Guest post written by Edward Covello
I always wanted to travel to Madagascar, land of the unusual. It was one of my travel and photography dreams. The reptiles and mammals there are unlike any others found on this planet.
At the top of my list was the lemur, a small primate believed to be descended from the ancestors of monkeys.
There are about 50 types of lemurs in a wide variety of sizes, shapes, and colors. They range from the tiny pygmy mouse lemur weighing an ounce and living in the knotholes of trees, to 15-pounders about the size of a large house cat.
Lemurs have special gifts, such as the ability to leap up to 25 feet through the forest canopies in which they live. They are perhaps the prime animal attraction of the country.
Although lemurs adapt easily to humans and are affectionate, they are an endangered species and poor candidates for pets. Their insatiable curiosity would likely create chaos within a few hours!
For two of my five days in Madagascar I camped out with a small tour group in the Western dry forest, which is home to several species of lemurs. One of the guides in our group introduced me to a local expert in tracking lemurs.
After a 45-minute trek into the forest, the lemur guide stopped, pointed to a small clearing beneath a canopy of trees, and motioned for me to walk through the brush into the clearing. I squatted on the ground, my camera ready, and looked upward. What I saw was worth the entire trip. There were two packs of lemurs, of two different species, jumping all over the tree canopy above me. They were quite chatty, probably wondering what I was doing there.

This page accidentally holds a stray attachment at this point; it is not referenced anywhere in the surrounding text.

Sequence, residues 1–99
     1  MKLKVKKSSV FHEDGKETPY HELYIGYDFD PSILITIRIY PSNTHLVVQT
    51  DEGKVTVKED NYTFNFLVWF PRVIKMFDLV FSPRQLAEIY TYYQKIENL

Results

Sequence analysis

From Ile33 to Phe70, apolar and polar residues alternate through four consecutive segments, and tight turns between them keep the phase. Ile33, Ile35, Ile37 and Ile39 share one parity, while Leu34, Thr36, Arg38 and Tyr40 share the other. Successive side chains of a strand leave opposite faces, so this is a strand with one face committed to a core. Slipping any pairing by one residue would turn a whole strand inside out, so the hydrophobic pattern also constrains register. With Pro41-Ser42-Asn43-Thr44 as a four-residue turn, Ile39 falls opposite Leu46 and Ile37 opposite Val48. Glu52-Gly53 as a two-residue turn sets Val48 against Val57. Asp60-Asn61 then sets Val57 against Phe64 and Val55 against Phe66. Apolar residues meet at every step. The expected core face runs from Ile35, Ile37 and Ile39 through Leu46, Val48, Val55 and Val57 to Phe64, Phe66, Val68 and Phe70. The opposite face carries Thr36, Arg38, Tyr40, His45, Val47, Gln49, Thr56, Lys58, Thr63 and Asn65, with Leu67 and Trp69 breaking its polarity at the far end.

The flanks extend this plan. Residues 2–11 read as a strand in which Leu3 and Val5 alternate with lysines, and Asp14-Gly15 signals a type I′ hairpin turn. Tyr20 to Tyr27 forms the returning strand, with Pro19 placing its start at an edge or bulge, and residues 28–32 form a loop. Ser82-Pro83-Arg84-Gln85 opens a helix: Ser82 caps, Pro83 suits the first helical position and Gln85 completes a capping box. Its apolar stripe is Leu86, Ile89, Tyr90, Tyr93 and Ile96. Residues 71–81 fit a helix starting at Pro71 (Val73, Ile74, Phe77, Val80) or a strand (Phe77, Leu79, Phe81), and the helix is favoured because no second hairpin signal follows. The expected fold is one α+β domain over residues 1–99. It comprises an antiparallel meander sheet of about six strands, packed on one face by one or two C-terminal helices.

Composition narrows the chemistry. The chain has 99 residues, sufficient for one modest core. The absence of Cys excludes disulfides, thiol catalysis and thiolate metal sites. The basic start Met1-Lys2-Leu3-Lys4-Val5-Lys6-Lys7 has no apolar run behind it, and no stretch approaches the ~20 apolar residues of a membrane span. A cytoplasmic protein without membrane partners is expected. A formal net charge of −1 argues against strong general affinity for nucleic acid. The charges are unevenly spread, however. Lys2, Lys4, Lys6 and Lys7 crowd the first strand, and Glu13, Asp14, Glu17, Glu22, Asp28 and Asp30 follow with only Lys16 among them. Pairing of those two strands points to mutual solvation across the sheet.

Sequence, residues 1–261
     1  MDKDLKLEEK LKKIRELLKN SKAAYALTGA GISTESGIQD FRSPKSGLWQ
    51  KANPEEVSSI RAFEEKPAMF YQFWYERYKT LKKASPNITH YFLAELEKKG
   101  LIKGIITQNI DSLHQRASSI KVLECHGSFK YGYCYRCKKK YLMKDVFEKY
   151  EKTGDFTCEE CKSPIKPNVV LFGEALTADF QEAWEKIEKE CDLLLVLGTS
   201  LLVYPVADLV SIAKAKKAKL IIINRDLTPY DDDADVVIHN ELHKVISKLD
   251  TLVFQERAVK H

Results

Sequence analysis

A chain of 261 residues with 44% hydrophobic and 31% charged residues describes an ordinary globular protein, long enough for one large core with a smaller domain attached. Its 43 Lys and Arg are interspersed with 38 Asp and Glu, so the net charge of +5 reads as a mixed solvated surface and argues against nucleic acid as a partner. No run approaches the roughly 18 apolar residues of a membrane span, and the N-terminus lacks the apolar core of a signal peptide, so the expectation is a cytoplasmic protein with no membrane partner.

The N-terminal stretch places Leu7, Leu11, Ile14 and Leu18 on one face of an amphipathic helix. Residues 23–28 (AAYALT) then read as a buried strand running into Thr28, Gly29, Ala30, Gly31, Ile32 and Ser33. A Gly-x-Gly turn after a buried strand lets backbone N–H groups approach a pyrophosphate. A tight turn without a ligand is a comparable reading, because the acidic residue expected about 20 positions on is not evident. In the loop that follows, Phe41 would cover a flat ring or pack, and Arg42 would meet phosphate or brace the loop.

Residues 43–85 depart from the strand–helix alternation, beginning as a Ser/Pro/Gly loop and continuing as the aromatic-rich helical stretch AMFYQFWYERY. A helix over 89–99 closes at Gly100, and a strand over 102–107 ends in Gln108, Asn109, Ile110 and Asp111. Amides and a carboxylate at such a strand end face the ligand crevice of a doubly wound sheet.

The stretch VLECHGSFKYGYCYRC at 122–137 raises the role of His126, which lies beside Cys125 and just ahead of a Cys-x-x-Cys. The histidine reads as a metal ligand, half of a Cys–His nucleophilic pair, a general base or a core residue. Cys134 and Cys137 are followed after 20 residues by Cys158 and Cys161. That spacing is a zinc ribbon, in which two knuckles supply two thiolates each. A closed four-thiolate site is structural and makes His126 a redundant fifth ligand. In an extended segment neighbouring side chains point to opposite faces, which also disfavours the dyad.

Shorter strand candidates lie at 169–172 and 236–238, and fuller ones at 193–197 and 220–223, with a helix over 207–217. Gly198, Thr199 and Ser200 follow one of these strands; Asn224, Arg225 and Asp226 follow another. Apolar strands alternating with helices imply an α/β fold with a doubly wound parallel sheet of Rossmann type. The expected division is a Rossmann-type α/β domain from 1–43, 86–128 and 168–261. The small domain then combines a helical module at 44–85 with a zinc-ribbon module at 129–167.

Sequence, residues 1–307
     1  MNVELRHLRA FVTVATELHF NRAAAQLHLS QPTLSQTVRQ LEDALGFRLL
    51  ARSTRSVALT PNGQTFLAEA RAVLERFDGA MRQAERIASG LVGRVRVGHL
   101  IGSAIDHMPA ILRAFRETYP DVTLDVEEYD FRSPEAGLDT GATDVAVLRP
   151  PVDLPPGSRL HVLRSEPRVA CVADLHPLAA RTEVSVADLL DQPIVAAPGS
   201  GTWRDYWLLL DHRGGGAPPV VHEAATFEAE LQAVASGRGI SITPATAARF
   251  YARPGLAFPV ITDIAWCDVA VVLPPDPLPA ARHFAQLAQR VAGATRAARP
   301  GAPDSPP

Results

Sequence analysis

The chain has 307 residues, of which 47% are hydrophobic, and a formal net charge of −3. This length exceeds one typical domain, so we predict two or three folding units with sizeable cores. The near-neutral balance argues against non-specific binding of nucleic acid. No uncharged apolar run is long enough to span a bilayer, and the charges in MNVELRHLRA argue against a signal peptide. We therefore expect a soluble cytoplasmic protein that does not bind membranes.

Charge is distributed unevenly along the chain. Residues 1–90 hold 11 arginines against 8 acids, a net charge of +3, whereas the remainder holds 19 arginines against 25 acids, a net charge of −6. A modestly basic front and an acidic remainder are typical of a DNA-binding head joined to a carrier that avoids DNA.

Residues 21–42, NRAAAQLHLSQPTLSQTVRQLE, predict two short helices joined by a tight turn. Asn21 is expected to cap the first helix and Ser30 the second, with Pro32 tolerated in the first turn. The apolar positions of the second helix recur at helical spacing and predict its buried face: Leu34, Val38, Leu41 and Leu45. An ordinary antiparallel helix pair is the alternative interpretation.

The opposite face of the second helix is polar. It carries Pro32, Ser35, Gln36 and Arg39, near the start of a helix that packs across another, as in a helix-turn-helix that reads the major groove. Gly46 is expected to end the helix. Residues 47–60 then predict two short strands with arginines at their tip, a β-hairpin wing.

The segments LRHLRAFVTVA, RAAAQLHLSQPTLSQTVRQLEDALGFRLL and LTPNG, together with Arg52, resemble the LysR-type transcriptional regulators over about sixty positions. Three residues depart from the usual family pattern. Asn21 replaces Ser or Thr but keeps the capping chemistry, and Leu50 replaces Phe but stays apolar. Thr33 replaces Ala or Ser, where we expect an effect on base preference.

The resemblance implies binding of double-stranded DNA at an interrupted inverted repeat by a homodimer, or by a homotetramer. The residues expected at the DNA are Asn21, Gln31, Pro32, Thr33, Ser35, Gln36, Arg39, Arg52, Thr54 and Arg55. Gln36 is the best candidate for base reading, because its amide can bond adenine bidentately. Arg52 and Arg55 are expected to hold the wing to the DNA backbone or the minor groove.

The first lemurs I spotted were Red Fronted Brown lemurs.
One of the bolder lemurs from this pack decided to get a better look at the uninvited guest. He climbed down a sapling and began checking me out from a distance of about 3 feet. This allowed me to capture his face as he stared into the lens of my camera.
The other pack of lemurs was quite a find, as they are somewhat rare. Known as Decken’s Sifaka lemurs and only found in the Western dry forest, they are one of the larger varieties and are also prodigious leapers.
On my last night in Madagascar I made friends with a few lemurs. I’ve never had furry animals the size of cats leaping from trees onto my shoulders. Some put their little front paws around my neck like I was their good buddy. The earthy smell of their thick fur was like that of a dog, in a good way.
I was able to touch palms with one of the lemurs. His paws were heavily padded, rubbery, and cool to the touch. It was a moment I won’t soon forget, for I had just shaken hands with a lemur in its own habitat. My dream had come true.